The US Federal Communications Commission (FCC) proposed cutting the period low-Earth orbit (LEO) satellites can remain in circulation after they cease being used in an attempt to minimise collision risk as the number of birds launched continues an upward trajectory.
Under the potential new measures, operators licensed by the agency or serving the US market would be required to dispose of expired items within five years, though they will be pushed to do this as soon as possible.
Current FCC guidelines recommend disposal 25 years after use. Explaining its latest proposal, the FCC stated it no longer believes it is “sustainable to leave satellites in LEO to deorbit over decades”.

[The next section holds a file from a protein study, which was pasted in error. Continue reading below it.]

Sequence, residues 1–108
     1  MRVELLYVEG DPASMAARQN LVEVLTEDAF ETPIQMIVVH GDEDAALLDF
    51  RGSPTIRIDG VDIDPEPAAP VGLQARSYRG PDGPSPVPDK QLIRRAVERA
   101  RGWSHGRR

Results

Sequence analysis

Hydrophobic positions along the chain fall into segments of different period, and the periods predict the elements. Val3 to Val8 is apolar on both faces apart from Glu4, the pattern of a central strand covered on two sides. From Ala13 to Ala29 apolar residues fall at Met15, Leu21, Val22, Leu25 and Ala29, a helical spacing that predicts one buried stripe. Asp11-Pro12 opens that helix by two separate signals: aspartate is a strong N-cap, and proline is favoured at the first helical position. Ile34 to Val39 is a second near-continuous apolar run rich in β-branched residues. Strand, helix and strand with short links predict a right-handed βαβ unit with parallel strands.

The FCC plans to offer waivers for those conducting specific research or scientific missions, alongside birds already in orbit. It plans to hold a vote on its proposal at its next open meeting, scheduled for 29 September.
In the document it noted “defunct satellites, discarded rocket cores and other debris now fill the space environment”.
It added projections of further growth in LEO satellites, including those being used by the mobile industry, meant a greater risk of collisions moving forward.
The provisional rules come at a time of increased interest in satellite connectivity from operators and handset manufacturers, with a rising number of players in the space sector planning to provide capacity and connectivity from their own constellations.